Republicans have been wary about committing to a specific piece of legislation until they get a sign about what Trump will support. The Senate previously rejected bipartisan legislation from Manchin and Toomey that would have expanded background checks to all commercial sales.
Sen. Lindsey GrahamLindsey Olin GrahamFranken targets senators from both parties in new comedy tour Ohio Republican tests positive for breakthrough COVID-19 case Trump lawyer offered six-point plan for Pence to overturn election: book MORE (R-S.C.), a close ally of Trump's, said on Wednesday that he thought the president was interested in expanding background checks.
"We’ve got some bumps but I think we’re getting there," Graham told reporters.
Murphy, Manchin and Toomey said Trump remained open to background check legislation, but did not specifically say he would support one proposal or another.
"He did strongly convey an interest in doing something meaningful and something that we would be able to embrace and that could pass," Toomey told reporters.
Murphy said that it was time for Trump to make decisions about what he would, or would not, support as part of potential gun legislation.
In addition to background checks, Trump has also talked up mental health and "red flag" laws, which allow family members or law enforcement to get a judge's order to temporarily block an individual from buying a gun.
"I think it's good news that the president is still personally engaged. We had a long, wide-ranging conversation. We got into the details for the first time," Murphy said.
If senators are able to get a deal with Trump, it would mark the best chance gun legislation has had in Congress since the failed Manchin-Toomey vote in 2013.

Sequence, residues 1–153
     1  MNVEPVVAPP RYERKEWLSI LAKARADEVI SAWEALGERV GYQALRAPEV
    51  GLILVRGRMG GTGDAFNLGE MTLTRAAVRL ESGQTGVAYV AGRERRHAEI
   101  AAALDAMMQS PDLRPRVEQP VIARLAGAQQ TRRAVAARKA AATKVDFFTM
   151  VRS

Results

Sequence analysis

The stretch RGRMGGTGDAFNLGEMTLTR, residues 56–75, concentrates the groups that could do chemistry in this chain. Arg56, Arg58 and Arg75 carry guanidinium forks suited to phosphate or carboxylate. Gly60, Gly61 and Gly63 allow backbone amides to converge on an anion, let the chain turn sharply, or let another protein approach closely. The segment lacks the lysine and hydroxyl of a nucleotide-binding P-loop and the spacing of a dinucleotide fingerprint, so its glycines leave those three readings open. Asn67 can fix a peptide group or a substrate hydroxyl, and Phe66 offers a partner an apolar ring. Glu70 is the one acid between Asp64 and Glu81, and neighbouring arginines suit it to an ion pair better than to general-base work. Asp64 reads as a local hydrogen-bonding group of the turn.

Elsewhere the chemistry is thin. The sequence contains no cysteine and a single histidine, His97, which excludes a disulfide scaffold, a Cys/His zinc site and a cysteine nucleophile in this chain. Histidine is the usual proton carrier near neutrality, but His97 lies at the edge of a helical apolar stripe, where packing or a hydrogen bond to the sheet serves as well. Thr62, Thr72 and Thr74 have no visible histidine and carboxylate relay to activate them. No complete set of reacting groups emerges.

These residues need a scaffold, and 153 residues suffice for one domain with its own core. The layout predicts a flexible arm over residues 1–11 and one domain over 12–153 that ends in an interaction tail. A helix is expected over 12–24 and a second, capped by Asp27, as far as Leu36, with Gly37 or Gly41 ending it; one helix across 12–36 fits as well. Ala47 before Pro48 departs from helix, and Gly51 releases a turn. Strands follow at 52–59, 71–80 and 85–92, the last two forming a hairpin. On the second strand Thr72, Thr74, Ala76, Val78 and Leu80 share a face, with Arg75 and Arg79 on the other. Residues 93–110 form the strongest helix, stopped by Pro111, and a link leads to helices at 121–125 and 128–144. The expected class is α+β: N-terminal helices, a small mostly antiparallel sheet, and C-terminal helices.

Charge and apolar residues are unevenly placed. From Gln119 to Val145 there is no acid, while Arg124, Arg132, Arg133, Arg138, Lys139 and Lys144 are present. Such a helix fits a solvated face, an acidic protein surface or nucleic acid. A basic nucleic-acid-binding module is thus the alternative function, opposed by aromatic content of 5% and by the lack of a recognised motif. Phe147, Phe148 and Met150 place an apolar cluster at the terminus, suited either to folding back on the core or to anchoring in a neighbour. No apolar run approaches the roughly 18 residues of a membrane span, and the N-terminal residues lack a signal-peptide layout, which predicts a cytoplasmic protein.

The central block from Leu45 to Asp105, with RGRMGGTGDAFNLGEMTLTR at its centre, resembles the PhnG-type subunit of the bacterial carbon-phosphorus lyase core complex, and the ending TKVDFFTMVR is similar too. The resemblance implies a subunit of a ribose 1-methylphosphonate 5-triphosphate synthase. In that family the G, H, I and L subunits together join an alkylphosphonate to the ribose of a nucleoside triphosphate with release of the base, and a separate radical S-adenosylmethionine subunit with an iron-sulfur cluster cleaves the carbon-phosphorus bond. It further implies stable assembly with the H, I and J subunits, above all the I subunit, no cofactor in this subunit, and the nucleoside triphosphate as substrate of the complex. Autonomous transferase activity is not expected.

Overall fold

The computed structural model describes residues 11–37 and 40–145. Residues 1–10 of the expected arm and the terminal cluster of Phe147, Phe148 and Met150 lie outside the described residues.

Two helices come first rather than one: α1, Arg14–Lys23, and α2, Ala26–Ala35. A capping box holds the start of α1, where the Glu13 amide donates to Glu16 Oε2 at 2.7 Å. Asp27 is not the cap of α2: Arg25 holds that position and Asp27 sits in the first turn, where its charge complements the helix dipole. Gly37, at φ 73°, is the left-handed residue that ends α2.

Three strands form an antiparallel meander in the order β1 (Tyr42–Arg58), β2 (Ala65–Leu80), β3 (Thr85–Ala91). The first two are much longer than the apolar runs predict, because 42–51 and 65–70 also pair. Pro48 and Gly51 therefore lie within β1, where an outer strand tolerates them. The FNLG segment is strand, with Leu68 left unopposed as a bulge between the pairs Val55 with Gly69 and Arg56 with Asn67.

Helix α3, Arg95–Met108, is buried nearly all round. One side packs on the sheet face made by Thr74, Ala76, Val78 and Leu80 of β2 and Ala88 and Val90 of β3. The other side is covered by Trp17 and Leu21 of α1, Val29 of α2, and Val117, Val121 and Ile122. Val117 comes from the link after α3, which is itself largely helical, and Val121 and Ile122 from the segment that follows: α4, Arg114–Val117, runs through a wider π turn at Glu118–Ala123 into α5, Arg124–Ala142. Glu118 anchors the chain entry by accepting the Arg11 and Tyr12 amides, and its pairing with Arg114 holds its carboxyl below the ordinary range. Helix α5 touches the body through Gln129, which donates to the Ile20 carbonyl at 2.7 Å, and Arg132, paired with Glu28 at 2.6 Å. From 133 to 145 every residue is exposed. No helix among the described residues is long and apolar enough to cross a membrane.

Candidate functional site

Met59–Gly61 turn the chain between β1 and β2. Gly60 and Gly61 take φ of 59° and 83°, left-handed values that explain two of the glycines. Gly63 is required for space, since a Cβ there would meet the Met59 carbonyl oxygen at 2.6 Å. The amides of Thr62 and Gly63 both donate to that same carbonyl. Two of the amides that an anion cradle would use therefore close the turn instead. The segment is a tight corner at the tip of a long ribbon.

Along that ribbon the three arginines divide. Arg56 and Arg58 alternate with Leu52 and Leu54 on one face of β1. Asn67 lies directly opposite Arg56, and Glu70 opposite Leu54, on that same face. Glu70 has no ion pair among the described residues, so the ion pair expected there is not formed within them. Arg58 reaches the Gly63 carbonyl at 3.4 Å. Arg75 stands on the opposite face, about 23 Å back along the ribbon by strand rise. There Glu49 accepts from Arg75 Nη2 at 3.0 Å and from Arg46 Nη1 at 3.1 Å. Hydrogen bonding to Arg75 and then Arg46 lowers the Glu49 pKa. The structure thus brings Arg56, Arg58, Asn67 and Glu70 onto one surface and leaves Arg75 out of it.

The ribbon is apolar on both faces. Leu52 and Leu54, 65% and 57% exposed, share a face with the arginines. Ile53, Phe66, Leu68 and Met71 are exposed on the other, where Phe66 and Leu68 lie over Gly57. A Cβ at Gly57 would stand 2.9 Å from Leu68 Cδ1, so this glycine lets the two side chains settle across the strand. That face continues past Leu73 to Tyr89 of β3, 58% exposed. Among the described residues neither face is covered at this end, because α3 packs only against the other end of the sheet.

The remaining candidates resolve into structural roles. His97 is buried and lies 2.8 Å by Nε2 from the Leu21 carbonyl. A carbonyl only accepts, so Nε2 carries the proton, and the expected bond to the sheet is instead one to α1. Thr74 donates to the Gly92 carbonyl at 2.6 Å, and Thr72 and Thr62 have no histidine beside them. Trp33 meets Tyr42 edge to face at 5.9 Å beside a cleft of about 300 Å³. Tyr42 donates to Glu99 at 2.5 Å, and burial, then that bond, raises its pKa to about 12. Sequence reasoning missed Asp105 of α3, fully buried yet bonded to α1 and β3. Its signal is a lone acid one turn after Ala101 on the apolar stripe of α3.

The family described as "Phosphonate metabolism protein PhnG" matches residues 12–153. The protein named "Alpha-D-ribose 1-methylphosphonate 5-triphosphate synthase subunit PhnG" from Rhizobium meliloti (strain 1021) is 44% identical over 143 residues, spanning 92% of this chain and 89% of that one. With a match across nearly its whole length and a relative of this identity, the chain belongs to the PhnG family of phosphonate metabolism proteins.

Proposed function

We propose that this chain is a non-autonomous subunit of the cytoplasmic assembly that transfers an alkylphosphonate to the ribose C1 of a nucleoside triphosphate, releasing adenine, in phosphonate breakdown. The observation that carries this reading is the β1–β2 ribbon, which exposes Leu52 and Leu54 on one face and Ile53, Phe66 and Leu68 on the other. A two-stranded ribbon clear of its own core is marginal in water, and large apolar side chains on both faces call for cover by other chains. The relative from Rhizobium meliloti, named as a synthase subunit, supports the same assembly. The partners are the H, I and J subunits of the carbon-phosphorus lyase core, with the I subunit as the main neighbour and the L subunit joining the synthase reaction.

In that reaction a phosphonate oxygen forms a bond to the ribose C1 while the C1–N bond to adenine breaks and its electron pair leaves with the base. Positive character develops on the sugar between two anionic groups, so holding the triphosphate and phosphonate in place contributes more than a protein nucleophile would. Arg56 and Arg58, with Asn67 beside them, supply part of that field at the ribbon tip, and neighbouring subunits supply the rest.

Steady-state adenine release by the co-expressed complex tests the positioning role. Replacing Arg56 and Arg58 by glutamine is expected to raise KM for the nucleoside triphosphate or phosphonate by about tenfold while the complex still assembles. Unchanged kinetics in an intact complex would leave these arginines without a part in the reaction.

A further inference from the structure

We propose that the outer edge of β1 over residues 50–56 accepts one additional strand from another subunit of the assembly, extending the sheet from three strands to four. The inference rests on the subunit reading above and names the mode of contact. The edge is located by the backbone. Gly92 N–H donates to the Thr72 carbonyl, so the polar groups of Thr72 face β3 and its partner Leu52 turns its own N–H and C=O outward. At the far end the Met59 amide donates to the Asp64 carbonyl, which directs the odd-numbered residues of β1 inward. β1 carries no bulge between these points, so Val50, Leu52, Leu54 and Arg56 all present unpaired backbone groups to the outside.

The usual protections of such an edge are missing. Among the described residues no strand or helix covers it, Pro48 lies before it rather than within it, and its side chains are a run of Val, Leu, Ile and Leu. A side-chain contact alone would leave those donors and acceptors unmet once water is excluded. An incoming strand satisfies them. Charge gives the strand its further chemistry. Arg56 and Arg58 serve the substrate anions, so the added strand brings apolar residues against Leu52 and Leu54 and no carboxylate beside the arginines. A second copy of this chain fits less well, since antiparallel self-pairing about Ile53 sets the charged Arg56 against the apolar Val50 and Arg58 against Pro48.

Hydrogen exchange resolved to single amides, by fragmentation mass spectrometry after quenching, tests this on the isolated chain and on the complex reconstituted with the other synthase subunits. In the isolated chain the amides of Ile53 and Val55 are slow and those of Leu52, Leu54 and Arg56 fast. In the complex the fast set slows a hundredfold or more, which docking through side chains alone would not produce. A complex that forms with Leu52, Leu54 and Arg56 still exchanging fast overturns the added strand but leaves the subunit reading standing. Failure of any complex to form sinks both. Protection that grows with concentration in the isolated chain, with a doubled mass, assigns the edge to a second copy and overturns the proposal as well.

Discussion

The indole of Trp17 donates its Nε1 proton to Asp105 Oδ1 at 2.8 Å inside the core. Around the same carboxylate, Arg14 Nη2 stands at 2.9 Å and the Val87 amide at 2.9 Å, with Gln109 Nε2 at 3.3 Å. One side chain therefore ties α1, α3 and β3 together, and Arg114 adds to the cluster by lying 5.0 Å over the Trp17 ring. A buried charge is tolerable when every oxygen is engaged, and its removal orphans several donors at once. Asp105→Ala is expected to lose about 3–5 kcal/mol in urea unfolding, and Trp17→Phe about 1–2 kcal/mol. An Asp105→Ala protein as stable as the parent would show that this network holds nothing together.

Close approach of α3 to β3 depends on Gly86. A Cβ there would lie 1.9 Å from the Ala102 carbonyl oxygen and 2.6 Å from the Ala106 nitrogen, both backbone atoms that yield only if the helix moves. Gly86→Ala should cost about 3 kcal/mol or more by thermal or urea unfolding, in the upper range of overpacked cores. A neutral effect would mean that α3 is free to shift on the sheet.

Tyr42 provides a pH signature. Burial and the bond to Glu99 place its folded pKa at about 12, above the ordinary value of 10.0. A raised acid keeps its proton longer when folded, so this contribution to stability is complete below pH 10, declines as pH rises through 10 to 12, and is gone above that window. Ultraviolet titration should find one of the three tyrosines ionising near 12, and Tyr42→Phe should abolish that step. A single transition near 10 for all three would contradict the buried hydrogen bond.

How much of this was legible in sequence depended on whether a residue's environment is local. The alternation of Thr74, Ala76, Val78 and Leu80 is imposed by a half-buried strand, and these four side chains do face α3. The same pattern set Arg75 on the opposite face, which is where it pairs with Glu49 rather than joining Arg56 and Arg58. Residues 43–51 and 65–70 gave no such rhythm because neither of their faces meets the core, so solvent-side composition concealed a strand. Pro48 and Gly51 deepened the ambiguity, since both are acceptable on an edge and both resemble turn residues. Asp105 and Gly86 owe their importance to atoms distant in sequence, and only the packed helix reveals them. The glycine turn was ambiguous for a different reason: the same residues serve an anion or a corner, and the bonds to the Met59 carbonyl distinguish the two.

But Trump hasn't publicly committed to supporting legislation. He previously appeared open to gun-law reforms — including expanding background checks and a potential assault weapons ban — after the Parkland, Fla., school shooting, only to reverse course after pressure from conservatives and the gun lobby.
The talk with Trump comes as Democrats have urged Senate Majority Leader Mitch McConnellAddison (Mitch) Mitchell McConnellMcConnell, Shelby offer government funding bill without debt ceiling Franken targets senators from both parties in new comedy tour Woodward: Milley was 'setting in motion sensible precautions' with calls to China MORE (R-Ky.) to take up a House-passed universal background checks bill. The bill earned a veto threat from Trump, and McConnell has refused to bring up gun legislation that the White House doesn’t support.
"Universal basically scares the bejeezus out of some people because they think it reaches further than what it should reach. Commercial — no one should be threatened by commercial," Manchin said, recalling his message to Trump.
Murphy said he still puts the chances of a deal on expanding background checks at less than 50-50, because of pressure from the gun lobby, but that he was "encouraged."
He added that he reiterated to Trump that any deal would spark "no" votes from Republicans and that supporting less universal background checks would be a "heavy lift" for some Democrats.
A bill would need 60 votes to get through the GOP-controlled Senate. It could likely get pushback from conservative Republicans as well as progressive Democrats who feel it doesn't go far enough.
"We made it clear that if this is a compromise it's going to be a real compromise," Murphy said. "It's going to ultimately have some Republican 'no' votes and some Democratic 'no' votes."
—Brett Samuels contributed.